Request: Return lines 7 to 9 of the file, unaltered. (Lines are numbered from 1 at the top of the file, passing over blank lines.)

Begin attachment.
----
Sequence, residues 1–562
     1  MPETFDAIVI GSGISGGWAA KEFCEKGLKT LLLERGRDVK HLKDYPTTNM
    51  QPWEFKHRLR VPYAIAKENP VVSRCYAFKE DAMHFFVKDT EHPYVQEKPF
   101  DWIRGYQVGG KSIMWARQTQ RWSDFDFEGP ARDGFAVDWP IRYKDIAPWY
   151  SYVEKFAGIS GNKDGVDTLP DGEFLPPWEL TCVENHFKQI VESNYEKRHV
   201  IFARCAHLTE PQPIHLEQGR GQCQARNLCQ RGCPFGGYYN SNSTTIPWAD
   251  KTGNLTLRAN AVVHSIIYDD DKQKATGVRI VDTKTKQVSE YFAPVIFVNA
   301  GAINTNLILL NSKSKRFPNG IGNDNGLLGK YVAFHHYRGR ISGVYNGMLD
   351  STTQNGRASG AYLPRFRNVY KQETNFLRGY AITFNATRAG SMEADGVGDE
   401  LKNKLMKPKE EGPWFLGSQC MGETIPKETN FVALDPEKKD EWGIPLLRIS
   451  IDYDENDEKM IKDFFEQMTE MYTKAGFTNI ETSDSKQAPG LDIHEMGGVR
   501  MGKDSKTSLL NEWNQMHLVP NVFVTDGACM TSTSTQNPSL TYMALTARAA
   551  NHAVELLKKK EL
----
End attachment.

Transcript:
   251  KTGNLTLRAN AVVHSIIYDD DKQKATGVRI VDTKTKQVSE YFAPVIFVNA
   301  GAINTNLILL NSKSKRFPNG IGNDNGLLGK YVAFHHYRGR ISGVYNGMLD
   351  STTQNGRASG AYLPRFRNVY KQETNFLRGY AITFNATRAG SMEADGVGDE